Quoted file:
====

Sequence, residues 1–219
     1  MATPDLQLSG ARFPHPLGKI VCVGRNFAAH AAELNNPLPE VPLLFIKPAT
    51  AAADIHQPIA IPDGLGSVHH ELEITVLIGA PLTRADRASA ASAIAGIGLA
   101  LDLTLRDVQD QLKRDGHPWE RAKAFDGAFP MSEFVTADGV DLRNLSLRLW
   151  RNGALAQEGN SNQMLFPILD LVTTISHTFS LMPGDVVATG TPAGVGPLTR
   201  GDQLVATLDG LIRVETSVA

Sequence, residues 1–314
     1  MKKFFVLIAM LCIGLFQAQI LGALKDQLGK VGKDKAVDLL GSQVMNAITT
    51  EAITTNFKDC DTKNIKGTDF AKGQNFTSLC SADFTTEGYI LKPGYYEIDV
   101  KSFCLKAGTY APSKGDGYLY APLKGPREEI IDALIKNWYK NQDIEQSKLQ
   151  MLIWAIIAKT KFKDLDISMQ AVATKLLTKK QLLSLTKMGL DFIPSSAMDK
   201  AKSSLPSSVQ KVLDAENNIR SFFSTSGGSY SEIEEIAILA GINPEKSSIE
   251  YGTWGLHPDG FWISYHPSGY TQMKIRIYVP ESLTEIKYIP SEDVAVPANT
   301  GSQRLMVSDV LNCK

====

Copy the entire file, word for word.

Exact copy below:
Sequence, residues 1–219
     1  MATPDLQLSG ARFPHPLGKI VCVGRNFAAH AAELNNPLPE VPLLFIKPAT
    51  AAADIHQPIA IPDGLGSVHH ELEITVLIGA PLTRADRASA ASAIAGIGLA
   101  LDLTLRDVQD QLKRDGHPWE RAKAFDGAFP MSEFVTADGV DLRNLSLRLW
   151  RNGALAQEGN SNQMLFPILD LVTTISHTFS LMPGDVVATG TPAGVGPLTR
   201  GDQLVATLDG LIRVETSVA

Sequence, residues 1–314
     1  MKKFFVLIAM LCIGLFQAQI LGALKDQLGK VGKDKAVDLL GSQVMNAITT
    51  EAITTNFKDC DTKNIKGTDF AKGQNFTSLC SADFTTEGYI LKPGYYEIDV
   101  KSFCLKAGTY APSKGDGYLY APLKGPREEI IDALIKNWYK NQDIEQSKLQ
   151  MLIWAIIAKT KFKDLDISMQ AVATKLLTKK QLLSLTKMGL DFIPSSAMDK
   201  AKSSLPSSVQ KVLDAENNIR SFFSTSGGSY SEIEEIAILA GINPEKSSIE
   251  YGTWGLHPDG FWISYHPSGY TQMKIRIYVP ESLTEIKYIP SEDVAVPANT
   301  GSQRLMVSDV LNCK